Monday, November 10, 2014

Skyline Prints- RES

Fourth grade artists have been looking at city skylines, comparing the similarities and differences between buildings. 
Some of their observations:
Most buildings have windows, but the windows can be tall, rectangular, tiny, round, etc.
Buildings have doors, but the doors can be single width and wood, double glass doors, arched, etc.
All buildings have a roof, but some are flat, some are pointed, or have radio antennae or lightning rods, some have chimneys, and so on
Most of the buildings are basically rectangles, but the height and width varies.

Artists brought all of these observations to this printmaking project
City skylines reflected into water!
I was inspired by this lesson, but couldn't help noticing that all of the reflections were backward, and figured that would be easy to fix.

Sunset and water
First, artists created their sky and water. They could really choose any time of day or night for this, and had the option to add salt.  Salting the watercolors creates a sparkly effect in the water or calls to mind stars when sprinkled in a dark black sky.

City developing
Next, artists used print styrofoam to create the skyline. Using a dull pencil, students compressed the fibers firmly to leave raised areas they would hold the ink, and white areas that would show the background paper when printed.  When they finished drawing, they cut out any negative space leaving only the buildings.

Negative space cut away from foam print plate
Next, we rolled out printing ink on plastic acetate. I find this allows a more consistent surface than using a styrofoam tray to roll out on.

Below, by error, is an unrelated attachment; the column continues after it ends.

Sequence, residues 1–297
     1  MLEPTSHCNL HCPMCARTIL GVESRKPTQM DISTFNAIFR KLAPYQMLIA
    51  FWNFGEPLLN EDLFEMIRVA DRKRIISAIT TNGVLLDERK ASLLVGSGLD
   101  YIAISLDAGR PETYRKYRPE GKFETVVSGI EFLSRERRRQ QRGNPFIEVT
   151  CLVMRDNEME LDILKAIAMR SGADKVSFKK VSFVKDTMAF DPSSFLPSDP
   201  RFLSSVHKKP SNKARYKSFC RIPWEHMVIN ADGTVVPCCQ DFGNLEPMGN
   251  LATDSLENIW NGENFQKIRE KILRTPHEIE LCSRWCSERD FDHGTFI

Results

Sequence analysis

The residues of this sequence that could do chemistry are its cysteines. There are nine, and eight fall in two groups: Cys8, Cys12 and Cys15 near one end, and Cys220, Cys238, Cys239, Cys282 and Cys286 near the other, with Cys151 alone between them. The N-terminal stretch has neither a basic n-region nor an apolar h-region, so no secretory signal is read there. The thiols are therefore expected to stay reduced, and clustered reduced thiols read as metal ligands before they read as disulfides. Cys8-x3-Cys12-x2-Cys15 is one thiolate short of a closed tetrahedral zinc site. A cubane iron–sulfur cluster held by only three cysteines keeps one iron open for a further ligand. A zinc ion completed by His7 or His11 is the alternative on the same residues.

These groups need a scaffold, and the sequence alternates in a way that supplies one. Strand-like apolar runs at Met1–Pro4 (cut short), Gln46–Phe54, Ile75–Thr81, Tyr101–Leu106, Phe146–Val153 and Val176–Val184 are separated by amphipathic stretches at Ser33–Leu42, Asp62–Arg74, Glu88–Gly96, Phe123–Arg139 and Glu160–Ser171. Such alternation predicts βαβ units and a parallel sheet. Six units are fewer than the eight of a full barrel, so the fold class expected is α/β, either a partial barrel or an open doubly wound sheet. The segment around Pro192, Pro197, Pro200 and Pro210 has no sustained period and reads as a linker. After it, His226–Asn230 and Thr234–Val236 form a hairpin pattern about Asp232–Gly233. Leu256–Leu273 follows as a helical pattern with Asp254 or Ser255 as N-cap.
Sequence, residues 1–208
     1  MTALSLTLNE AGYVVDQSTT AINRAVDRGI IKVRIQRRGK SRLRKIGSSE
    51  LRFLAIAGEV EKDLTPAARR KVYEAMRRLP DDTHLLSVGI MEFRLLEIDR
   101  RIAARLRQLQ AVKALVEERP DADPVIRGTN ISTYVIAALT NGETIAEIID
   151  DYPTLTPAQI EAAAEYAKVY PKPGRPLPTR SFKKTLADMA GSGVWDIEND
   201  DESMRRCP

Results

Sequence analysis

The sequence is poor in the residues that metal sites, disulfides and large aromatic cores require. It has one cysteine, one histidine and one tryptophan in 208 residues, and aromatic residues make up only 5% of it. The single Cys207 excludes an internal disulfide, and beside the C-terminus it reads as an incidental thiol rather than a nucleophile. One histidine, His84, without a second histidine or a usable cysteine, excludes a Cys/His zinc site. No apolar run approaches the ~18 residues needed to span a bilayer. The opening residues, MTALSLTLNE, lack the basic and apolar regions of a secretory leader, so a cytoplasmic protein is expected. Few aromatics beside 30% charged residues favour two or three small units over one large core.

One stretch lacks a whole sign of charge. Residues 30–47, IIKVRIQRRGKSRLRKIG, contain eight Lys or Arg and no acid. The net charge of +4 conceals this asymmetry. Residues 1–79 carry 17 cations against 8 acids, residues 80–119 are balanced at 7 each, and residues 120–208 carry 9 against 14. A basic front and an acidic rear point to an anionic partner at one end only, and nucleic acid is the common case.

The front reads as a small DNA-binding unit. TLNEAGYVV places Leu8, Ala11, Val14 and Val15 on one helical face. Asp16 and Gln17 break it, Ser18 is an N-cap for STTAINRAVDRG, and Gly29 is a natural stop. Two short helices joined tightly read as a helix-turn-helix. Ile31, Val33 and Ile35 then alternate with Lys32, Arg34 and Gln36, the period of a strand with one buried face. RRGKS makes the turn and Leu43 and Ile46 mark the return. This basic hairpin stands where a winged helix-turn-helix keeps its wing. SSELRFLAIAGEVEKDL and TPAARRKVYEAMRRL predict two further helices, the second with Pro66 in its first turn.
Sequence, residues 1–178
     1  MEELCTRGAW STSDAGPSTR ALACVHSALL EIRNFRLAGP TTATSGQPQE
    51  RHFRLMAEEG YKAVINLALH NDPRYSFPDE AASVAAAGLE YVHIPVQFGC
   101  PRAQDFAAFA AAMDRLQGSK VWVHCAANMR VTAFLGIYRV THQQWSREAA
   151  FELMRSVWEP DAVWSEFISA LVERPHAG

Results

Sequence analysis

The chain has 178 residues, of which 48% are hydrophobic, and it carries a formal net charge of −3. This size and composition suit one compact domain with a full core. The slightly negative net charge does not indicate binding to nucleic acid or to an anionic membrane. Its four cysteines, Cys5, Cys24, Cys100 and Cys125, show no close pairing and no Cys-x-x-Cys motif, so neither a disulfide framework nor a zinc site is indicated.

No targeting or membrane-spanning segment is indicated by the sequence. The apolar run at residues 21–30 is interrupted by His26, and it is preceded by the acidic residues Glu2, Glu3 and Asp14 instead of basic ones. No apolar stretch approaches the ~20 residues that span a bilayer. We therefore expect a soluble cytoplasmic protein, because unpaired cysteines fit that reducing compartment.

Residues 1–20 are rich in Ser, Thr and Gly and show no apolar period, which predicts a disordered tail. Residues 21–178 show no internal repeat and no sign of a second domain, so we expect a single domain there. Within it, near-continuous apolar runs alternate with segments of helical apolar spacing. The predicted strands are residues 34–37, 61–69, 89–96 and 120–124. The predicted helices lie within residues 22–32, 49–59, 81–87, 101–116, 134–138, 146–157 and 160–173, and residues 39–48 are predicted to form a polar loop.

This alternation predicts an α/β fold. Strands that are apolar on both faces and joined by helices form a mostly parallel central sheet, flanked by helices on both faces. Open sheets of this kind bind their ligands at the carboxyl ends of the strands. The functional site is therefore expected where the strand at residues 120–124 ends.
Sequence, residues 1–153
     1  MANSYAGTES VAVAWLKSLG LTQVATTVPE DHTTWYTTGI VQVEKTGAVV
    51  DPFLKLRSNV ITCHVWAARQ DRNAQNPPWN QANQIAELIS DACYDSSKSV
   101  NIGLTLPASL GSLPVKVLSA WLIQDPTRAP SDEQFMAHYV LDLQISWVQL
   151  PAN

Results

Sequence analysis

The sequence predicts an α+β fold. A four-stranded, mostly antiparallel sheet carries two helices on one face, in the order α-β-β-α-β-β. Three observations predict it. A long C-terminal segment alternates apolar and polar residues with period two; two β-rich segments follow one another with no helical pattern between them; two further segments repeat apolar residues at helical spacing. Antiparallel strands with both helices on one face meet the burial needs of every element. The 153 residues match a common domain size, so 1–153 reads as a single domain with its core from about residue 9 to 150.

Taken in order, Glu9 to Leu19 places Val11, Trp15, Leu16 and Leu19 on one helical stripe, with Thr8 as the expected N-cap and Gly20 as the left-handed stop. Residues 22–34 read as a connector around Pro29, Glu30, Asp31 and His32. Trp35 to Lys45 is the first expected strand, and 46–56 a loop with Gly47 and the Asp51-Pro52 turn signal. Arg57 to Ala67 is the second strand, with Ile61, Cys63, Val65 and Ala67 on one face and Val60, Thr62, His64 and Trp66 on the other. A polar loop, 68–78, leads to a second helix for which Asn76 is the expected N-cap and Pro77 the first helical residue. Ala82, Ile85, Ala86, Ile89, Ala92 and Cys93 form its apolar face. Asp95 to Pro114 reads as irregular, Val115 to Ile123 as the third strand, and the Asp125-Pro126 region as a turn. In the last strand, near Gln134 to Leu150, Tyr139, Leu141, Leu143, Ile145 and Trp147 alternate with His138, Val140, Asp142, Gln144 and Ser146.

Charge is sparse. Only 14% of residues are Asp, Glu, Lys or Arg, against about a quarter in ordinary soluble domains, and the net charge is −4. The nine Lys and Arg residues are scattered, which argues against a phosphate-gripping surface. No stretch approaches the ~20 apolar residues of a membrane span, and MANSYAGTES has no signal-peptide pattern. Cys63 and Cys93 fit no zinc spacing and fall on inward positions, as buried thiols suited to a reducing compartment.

Rolling out the ink with the brayer
The ink is ready to put on the print plate when it is similar to the texture of citrus peel.  Rolling across ready ink sounds sort of like shoes stuck in mud.

Rolling brayer onto printing plate
When the printing plate is fully inked, artists placed it face down on the sky, flipped it, and rubbed the back of the paper to transfer the ink.
Ready to peel off print foam
After the print plate is removed, instead of flipping the plate and printing again on the water, which would produce a rotated print rather than a reflected one, we closed the paper in half and squashed it.  To imagine what I mean here, think about folded Kindergarten paint butterflies- paint on half the paper and press it closed.
Ta-da! Spooky nighttime castle city
These came out fantastically well.  
A few more for your viewing pleasure.

The little flecks of light areas in the blue are the salt in the watercolor

Stormy water, clearing sky.  Awesome.

Feels like a skyline of buildings by Spanish architect Antoni Gaudi

Day ending over the city
Can't help but feel like I am sitting in a boat looking out at this lovely city at sunset.

1 comment:

  1. Fourth graders, your work is beautiful! What a great project Mrs. Elliott.